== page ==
They chat some history — Serano Genomics jumped in late on the whole micro-machine industry, and this will come in later. Anyway, Imakuruzu is guilty of, among other things, corporate fraud perpetrated under direction of the state, and made trillions of yen selling what were essentially sugarpills. The old doctor rejected the Murai Vaccine out of pride, being a micro-machine developer himself. The Laughing Man seems particularly transfixed on the idea that Imakuruzu had a special stamp made up with “Approval Denied.”
Yet, Imakaruzu may have a point when he turns it around: you’re a criminal too. Why don’t you just take over my brain and make me expose the truth? The Laughing Man is a young, idealistic person, and needs this to be orchestrated correctly — a confession by free will is the only option. And he stresses that he never called himself the Laughing Man, and also that someone else stole all that money. He was only after one thing, but the world seemed bent on manufacturing a boogeyman.
Togusa’s wife shows up in the hospital. As the kids are being anime-adorable in the out-of-focus foreground, the doctor tells her something distressing, that prosthetics may be a consideration. Meanwhile, Ishikawa and Boma locate Imakaruzu, right after the DEA also find him. Batou takes the helicopter, as the rain starts to fall.
The NSS rolls out in the thermoptic raincoats from the 1995 film. This time, it seems that the team is made up of marines, including one female member. For now, it’s this franchise’s general, and relatively progressive gender equity. The head NSS guy is outfitted in an arm suit, Ghost in the Shell’s less fantastical Landmate equivalent. Batou inserts himself into Imakaruzu’s country club room, and is soon pinned down by the NSS.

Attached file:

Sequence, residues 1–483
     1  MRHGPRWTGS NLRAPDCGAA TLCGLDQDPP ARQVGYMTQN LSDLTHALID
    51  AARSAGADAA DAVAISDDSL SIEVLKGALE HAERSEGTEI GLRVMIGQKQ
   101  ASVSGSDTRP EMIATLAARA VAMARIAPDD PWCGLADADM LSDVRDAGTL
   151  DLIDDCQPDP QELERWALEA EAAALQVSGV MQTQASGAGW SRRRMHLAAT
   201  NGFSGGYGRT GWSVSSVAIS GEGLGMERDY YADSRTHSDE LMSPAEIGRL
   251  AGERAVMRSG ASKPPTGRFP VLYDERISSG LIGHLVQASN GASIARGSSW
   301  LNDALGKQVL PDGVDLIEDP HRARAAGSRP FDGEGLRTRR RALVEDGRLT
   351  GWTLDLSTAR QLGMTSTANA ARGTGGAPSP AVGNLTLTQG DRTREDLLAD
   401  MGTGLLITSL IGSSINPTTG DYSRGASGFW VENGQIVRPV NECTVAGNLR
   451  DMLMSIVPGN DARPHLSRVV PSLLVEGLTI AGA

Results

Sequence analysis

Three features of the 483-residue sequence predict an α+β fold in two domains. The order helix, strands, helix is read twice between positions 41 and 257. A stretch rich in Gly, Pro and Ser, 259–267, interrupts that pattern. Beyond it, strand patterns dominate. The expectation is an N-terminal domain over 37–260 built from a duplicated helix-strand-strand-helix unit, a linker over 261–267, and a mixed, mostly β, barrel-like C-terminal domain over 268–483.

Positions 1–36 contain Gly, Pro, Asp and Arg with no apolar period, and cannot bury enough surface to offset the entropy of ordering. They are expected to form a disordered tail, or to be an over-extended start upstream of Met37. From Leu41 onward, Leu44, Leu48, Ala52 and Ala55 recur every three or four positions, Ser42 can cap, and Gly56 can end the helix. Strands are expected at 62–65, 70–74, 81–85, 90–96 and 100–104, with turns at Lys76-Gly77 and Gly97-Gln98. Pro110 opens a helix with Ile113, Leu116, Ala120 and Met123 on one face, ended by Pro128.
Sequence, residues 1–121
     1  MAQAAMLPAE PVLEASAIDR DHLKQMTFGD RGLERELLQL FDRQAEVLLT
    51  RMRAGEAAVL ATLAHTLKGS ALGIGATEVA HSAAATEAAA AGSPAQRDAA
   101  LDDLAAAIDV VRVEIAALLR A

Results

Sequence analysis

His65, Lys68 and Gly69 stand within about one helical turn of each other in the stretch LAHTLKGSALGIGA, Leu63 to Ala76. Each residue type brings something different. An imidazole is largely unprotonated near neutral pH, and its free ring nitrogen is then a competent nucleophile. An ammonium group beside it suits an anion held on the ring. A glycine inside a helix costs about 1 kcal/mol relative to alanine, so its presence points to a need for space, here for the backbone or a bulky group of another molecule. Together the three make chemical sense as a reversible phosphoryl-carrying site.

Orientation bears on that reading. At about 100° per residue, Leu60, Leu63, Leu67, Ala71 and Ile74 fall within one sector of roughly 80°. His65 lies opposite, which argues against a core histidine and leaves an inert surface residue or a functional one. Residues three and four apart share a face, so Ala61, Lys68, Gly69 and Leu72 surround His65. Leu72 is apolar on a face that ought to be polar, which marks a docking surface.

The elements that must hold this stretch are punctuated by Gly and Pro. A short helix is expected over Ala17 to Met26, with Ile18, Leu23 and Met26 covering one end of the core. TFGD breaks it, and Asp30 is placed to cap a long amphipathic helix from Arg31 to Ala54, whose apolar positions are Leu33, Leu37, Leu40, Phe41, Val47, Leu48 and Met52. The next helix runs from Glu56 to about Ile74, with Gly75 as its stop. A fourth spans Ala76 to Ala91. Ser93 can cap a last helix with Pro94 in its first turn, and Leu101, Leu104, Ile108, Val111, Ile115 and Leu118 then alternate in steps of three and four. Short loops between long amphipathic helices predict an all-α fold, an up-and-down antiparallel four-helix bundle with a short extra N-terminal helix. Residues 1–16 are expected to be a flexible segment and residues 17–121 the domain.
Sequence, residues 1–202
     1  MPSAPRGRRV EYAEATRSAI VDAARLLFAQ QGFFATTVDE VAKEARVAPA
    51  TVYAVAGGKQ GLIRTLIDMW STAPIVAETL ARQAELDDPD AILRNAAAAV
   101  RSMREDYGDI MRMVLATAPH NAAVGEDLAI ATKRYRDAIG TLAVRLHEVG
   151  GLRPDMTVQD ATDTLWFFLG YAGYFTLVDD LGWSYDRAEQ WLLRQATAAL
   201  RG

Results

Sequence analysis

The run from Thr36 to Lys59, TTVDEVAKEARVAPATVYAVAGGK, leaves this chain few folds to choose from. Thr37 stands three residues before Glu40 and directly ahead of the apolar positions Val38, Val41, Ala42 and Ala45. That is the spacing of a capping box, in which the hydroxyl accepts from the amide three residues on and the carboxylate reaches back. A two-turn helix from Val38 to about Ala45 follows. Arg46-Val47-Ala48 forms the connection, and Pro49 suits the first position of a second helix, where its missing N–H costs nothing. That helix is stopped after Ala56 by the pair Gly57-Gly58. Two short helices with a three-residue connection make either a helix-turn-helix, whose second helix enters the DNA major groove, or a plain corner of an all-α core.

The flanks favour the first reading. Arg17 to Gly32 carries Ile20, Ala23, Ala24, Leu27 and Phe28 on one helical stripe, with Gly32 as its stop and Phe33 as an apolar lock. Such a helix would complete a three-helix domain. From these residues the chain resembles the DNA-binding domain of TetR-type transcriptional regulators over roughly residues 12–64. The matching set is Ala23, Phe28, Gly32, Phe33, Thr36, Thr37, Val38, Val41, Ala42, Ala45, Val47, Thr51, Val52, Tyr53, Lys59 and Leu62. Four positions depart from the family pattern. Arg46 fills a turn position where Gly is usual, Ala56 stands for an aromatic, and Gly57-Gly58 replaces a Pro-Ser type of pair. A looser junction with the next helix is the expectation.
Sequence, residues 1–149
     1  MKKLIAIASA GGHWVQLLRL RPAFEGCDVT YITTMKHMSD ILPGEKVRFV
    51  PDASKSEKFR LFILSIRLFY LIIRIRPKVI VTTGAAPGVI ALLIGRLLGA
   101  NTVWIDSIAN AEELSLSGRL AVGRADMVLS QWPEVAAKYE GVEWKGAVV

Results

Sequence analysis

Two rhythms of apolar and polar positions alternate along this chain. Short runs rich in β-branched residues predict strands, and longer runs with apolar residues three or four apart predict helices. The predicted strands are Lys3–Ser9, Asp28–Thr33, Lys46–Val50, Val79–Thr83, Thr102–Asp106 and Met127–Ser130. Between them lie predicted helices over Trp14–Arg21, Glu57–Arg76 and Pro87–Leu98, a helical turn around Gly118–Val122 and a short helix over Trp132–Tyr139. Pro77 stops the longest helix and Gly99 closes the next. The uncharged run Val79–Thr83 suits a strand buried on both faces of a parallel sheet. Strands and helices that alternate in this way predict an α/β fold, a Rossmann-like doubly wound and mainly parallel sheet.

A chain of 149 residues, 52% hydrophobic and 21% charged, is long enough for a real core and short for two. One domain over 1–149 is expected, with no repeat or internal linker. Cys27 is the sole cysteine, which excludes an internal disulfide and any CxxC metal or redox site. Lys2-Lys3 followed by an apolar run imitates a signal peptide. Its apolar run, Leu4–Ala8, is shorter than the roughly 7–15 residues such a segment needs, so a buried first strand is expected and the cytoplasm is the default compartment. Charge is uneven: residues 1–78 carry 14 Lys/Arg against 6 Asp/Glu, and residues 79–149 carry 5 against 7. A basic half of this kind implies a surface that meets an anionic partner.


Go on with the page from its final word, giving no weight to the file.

He says that they can cloak, but they can’t completely hide themselves. Before he can make his move, whatever that would’ve been, the Major comes from behind, and takes them out with a pistol. She’s powered by a catsuit, perhaps, but we learn later on why the outfit she’s got on is relatively simple-looking.
In another nod to the original film, an invisible robot stands over a car. The Major orders Batou to get Imakaruzu out of here, because he can’t take on this arm suit. He tells her not to get killed, and obeys — he’s come down from the beginning of the episode. The Major engages, doing some sweet flips, and meanwhile, Pazu and Saito are transporting your standard issue big gun. The Laughing Man too is en route, as “Silent Cruise” begins spooling up.
The Major’s arm is shot off, and she’s thrown through a window into the rain. The arm suit grabs her and crushes her underfoot, but Saito is there to shoot at it. A direct hit didn’t punch the armor? Pazu is shocked, playing support for the gun. This is one of the rare instances where genuine surprise will register on his face, and his eyes will be wide.
The Major takes the enormous sniper rifle, which required both those two to operate properly, and one-hands it (out of necessity sure, but even if she had both arms, she appreciates style), shooting at the armor to slowly crush the man inside, impact by impact. She’s a little peeved, standing over the robot as the rain continues to fall.